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nance of the public highways. If the public cars hold on an average. 30 people, it means less interference with traffic than would 30 individual conveyances.
We believe that the theory of franchise taxation is in error, is against the interests of public policy, imposes burdens where they do not belong, and in the street-railway business imposes burdens on the poorer classes of people, whom as a rule the public wishes to protect and favor in all other methods of taxation.
In spite of belief to the contrary, it is generally a fact that less corporation wealth escapes taxation than any other, and, on the whole, corporations pay relatively more than their share of taxes. This is due to the fact that private individual wealth can be more easily concealed.
Again, subdividing corporations, it will be found that the public-service corporations pay relatively more taxes than the general corporations, for the same reason as that cited abovenamely, the inability of the public-service corporation to conceal its wealth from view.
We think it safe to say that if any general tax reform were inaugurated which would compel everybody to pay taxes on all wealth, it would receive the hearty and universal support of all public-service corporations.
If taxation be measured on the percentage of gross receipts, on tangible assets, on earning power, or on real estate, a careful investigation will show that the public-service corporations are already paying much more than their fair share.
(Henry L. DOHERTY, Chairman,
REPORT OF SUB-COMMITTEE ON INDUSTRIAL INSURANCE, REWARDS AND PENSIONS
Public-Utility Corporation, Including Results of Mortuary and
of the Pennsylvania Railroad Voluntary Relief Department and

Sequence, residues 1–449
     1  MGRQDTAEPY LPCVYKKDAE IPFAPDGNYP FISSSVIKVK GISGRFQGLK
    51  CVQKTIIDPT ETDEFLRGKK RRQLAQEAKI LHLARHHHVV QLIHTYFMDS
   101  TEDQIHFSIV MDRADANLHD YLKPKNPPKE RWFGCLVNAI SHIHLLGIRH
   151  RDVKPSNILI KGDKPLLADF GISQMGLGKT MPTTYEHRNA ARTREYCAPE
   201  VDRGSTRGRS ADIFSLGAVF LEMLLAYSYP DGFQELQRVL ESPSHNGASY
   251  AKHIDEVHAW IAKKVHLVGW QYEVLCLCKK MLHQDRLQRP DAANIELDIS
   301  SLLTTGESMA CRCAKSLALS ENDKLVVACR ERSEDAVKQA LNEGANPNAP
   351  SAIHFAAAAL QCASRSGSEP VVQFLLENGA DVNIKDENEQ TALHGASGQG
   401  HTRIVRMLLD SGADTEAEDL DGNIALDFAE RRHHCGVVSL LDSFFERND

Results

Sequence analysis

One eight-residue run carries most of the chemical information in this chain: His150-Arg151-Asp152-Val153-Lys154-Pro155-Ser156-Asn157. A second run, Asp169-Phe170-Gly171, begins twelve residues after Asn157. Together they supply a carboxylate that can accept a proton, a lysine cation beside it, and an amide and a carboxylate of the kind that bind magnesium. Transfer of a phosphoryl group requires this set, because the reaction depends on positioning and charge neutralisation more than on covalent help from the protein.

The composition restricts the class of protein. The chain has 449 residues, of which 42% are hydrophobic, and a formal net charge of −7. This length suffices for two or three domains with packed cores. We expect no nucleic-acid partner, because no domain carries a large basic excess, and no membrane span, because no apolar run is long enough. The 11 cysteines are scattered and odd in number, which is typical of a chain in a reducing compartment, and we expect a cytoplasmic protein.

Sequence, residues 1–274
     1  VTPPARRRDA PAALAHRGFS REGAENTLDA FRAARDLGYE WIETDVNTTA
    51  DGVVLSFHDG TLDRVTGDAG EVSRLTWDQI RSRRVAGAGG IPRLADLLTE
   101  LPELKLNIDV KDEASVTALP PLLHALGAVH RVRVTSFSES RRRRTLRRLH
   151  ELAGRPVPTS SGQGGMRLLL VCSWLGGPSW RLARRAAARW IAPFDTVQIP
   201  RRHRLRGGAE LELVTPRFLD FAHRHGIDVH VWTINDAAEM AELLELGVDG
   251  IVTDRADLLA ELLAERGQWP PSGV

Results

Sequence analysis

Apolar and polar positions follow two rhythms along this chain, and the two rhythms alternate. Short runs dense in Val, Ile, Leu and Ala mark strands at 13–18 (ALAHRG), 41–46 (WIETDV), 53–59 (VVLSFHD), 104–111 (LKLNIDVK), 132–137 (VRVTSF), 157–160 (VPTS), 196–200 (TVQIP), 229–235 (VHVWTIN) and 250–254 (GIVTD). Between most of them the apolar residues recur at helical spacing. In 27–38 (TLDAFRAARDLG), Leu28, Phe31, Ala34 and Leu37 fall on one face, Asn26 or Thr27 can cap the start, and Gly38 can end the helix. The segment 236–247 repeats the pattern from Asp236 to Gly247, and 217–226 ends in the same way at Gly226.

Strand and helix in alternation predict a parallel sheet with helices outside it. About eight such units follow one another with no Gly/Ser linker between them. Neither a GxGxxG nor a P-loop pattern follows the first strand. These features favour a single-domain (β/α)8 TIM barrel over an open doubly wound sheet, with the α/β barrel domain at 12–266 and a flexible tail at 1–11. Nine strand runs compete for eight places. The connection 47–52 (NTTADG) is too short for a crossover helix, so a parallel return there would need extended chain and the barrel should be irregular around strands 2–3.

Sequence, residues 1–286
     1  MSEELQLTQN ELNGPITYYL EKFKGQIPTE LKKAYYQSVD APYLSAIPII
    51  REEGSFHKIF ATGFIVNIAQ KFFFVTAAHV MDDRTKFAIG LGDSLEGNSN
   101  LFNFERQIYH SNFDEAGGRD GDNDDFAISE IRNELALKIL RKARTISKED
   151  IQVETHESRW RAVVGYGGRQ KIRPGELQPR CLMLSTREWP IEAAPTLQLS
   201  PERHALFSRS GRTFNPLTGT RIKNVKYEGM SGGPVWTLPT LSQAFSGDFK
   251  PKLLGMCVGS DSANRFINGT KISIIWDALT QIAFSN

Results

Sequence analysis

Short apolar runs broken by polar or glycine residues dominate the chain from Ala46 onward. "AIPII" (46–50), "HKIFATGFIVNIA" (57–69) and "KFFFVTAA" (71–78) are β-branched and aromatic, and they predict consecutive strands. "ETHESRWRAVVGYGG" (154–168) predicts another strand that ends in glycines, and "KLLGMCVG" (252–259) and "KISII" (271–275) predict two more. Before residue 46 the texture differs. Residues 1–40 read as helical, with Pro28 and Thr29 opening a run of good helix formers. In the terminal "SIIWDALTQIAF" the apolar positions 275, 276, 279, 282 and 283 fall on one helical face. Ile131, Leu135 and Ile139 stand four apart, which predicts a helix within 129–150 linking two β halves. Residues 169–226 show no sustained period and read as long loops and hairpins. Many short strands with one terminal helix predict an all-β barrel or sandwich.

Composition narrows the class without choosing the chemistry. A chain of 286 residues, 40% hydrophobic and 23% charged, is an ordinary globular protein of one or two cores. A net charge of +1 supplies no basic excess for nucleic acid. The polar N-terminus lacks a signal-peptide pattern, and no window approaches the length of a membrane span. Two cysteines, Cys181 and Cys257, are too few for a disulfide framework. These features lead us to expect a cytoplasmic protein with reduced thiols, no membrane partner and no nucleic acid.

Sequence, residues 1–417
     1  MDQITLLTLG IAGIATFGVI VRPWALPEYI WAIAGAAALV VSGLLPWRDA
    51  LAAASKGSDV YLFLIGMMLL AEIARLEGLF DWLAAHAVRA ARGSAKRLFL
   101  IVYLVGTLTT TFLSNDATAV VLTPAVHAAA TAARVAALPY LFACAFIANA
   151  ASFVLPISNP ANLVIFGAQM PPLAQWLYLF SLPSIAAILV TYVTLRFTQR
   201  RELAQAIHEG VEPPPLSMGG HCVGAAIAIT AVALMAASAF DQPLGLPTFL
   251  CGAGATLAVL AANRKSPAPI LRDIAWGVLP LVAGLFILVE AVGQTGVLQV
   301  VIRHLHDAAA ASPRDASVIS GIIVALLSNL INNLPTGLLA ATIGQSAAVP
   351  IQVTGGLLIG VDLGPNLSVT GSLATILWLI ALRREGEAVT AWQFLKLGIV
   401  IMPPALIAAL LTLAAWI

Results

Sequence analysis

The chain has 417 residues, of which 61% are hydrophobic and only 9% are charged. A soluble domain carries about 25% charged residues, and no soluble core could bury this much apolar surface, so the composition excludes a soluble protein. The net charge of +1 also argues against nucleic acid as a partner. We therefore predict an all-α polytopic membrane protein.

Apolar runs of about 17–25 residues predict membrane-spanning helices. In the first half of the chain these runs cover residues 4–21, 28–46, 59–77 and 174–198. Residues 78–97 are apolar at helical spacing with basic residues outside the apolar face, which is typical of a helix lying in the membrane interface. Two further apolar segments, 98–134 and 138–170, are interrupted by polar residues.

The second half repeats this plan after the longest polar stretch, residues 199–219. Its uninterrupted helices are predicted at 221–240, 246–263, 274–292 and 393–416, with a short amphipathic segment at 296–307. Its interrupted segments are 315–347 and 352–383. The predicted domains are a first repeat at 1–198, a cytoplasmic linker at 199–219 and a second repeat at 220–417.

pany, Providence, R. I., with United Traction Employees' Mutual Aid Association
57 64 65
To the Committee on Public Policy, National Electric Light Asso
on Industrial Insurance, Rewards and Pensions begs leave to submit the following report of the investigations which it has made during the past year of the methods adopted in this country in connection with beneficial associations, pensions and profit-sharing. It has also in its investigations considered the plan that has been in operation for a number of years in the South Metropolitan Gas Company of London.
Except in a few instances there have been no profit-sharing plans adopted by the utility corporations of this country, and in those instances the profit-sharing has been calculated as a dividend upon the wages of the employees. We find, however, that it is becoming quite prevalent to inaugurate beneficial associations in connection with the operation of utility companies upon plans generally laid down on lines similar to those adopted by the large railway companies of the country.
Your committee gives to some extent in detail the plan of the Pennsylvania Railroad Company, which is representative of the plans used by the other large railway companies throughout the country.
References are also made to the plan that has been in force in Philadelphia for many years, which has been broadened out in the manner given in detail in the report; also the plan in operation in Providence, R. I., the figures of which to date are attached, as well as the figures in detail of the operations for a series of years of a beneficiary association organized under the auspices of the employees of a public-utility company in one of the large cities of the country; also to the pension order issued by the Boston Elevated Railway Company in 1903; and the profit-sharing plan adopted by the New Haven (Conn.) Gas Light Company and the Milwaukee (Wis.) Gas Light Company.